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Do I need a snubber/rc for high-frequency ignition coil driver?

Discussion in 'General Electronics Discussion' started by plat, Sep 26, 2017.

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  1. plat


    Sep 26, 2017
    I have constructed a square-wave multivibrater that is switching a 2N3055. I am running this at high frequency, anywhere from hundreds of Hz to dozens of kHz.

    I am currently using this to drive an ignition coil but will also try some high-frequency transformers and other inductive loads. Do I really need a snubber/rc to protect the 2N3055? I have ran the device for a long time without one and haven't seen any signs of trouble, but want to be sure.

    There are two reasons that I would rather not use a snubber if I can get away with it long-term:

    1. A snubber diode just doesn't work. I can't explain why but when I attach a rectifier diode between the 2N3055 collector and +(parallel to the inductive load), the ignition coil simply won't fire. I have made sure the diode polarity is correct. I have tried several different diodes and each produces the same result. The oscilloscope shows that I am not getting the full voltage through the transistor with the diode in place.
    2. Using an RC(0.1μF + 10kOhm) isn't good either because it introduces lots of noise to the output signal. Enough that I can easily hear it over the base frequency when driving a speaker or arc from the ignition coil. I would like the cleanest, most pure output signal that I can get, for testing/research purposes.

    I appreciate your thoughts on all this. I would really like it if the diode would work, since I assume that wouldn't introduce noise.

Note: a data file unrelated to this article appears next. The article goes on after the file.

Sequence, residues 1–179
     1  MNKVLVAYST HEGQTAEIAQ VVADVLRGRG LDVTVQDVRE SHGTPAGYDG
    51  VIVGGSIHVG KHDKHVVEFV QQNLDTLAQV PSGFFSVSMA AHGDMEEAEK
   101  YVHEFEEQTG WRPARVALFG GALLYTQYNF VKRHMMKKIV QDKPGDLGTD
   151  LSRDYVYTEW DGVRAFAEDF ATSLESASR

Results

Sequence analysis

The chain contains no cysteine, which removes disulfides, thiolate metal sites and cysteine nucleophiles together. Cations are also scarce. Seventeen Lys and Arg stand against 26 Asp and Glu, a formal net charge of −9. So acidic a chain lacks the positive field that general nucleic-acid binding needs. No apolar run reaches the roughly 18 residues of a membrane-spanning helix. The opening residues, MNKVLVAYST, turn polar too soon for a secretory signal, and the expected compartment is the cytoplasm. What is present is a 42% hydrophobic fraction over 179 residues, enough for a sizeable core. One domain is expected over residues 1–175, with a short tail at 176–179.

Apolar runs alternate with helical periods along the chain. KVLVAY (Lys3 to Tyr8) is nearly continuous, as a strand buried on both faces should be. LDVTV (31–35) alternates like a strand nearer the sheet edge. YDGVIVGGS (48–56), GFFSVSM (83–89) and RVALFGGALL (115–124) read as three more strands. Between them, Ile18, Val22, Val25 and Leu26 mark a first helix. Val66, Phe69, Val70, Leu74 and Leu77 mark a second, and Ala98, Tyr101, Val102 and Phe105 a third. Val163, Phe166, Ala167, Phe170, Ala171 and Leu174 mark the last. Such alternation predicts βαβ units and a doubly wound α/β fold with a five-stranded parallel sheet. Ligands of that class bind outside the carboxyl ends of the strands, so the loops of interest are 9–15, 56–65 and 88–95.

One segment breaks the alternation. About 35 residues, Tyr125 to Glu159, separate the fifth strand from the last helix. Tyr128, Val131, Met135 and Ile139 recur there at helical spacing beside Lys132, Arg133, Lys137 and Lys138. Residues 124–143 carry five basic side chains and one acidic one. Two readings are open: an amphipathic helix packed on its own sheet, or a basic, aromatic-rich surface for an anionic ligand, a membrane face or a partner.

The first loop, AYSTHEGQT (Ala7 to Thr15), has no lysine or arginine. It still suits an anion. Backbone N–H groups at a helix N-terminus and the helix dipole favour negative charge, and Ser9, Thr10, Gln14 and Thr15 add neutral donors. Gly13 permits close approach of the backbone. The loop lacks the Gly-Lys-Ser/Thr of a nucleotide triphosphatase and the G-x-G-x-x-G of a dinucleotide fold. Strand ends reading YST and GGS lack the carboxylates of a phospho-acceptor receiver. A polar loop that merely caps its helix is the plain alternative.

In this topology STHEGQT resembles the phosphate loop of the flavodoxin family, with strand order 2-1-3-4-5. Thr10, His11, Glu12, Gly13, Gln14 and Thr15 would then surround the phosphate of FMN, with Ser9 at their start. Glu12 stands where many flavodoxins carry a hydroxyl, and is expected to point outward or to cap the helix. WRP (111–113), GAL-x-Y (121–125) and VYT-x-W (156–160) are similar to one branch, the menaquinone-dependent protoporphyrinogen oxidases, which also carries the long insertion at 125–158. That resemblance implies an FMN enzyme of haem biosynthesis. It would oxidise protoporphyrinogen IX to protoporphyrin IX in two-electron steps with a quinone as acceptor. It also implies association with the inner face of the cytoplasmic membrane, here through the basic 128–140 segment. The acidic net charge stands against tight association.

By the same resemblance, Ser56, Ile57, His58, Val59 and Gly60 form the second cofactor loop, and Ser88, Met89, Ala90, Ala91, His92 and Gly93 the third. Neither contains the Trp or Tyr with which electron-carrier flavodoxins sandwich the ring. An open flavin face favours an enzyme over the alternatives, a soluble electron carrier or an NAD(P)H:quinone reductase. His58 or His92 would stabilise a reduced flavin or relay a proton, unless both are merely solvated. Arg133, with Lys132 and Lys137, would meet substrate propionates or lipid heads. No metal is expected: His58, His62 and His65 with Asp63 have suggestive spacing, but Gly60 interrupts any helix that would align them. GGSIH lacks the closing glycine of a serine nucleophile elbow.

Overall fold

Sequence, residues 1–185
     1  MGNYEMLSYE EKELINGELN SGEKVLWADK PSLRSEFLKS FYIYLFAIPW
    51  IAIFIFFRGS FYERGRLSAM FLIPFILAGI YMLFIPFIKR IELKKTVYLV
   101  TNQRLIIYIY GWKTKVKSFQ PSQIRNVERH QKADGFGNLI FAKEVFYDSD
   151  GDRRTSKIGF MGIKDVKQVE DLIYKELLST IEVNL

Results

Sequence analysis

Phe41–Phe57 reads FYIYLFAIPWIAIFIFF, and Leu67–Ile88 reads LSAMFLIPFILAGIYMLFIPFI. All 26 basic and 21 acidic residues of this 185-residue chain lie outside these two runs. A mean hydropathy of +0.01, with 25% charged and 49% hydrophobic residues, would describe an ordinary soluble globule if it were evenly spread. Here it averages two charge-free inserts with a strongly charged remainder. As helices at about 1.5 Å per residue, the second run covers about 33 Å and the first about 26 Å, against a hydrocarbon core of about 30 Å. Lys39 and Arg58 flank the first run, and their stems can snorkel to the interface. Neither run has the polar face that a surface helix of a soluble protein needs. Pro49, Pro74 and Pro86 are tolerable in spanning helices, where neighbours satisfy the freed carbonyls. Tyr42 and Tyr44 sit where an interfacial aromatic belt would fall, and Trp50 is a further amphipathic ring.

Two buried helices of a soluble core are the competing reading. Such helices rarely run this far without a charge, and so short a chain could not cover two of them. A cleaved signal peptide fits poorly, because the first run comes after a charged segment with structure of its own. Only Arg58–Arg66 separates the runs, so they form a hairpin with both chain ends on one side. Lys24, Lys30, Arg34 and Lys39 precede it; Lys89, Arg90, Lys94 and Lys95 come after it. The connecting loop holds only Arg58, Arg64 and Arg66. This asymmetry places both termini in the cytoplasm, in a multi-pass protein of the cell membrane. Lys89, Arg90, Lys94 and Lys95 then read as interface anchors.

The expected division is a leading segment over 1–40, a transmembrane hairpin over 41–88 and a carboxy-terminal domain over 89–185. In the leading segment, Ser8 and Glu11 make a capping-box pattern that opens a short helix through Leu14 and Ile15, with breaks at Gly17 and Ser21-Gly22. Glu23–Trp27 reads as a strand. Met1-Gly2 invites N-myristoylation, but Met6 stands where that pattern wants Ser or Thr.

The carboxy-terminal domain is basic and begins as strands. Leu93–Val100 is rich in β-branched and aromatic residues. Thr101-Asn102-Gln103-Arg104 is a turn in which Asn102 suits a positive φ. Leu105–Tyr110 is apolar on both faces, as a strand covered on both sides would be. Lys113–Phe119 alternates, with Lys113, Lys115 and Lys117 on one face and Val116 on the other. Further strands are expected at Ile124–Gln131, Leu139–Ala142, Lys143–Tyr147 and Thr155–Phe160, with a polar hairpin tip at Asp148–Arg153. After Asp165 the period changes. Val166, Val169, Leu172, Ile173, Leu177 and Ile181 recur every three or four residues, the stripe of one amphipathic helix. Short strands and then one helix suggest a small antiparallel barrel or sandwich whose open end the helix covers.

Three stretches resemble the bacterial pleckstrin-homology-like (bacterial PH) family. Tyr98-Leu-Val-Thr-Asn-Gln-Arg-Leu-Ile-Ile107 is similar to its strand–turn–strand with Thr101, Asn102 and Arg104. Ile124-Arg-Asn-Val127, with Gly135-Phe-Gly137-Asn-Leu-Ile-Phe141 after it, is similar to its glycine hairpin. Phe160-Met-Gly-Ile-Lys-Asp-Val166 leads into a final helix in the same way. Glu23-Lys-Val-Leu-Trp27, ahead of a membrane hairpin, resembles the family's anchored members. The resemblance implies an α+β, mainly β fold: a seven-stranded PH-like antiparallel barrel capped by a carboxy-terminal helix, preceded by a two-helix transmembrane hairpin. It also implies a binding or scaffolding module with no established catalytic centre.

Maybe I could also ask for your thoughts on using a power MOSFET instead of the 2N3055? I have never used MOSFETs before but for this high(ish)-speed switching application, they seem like a good fit. My goal is to have a variable-frequency square-wave drive with lots of power behind it.
  2. duke37


    Jan 9, 2011
    The flywheel diode restricts the high voltage on the 3055, there will need to be restrictions on a fet also but fets are often specified to take more abuse.

    There are many ways of restricting the collector voltage.
    1. Place a resistor across the coil, if this is the same value as the coil resistance, then the voltage will be twice the power supply voltage. Obviously this wastes power.
    2. Place a capacitor across the coil, the energy in the coil = I*I*L/2, this is transfered to the capacitor = V*V*C/2. This is similar to the R C snubber but without the resistor so that some ringing could occur.
    3. Use a zener diode in series with flywheel diode to allow the collector voltage to rise.
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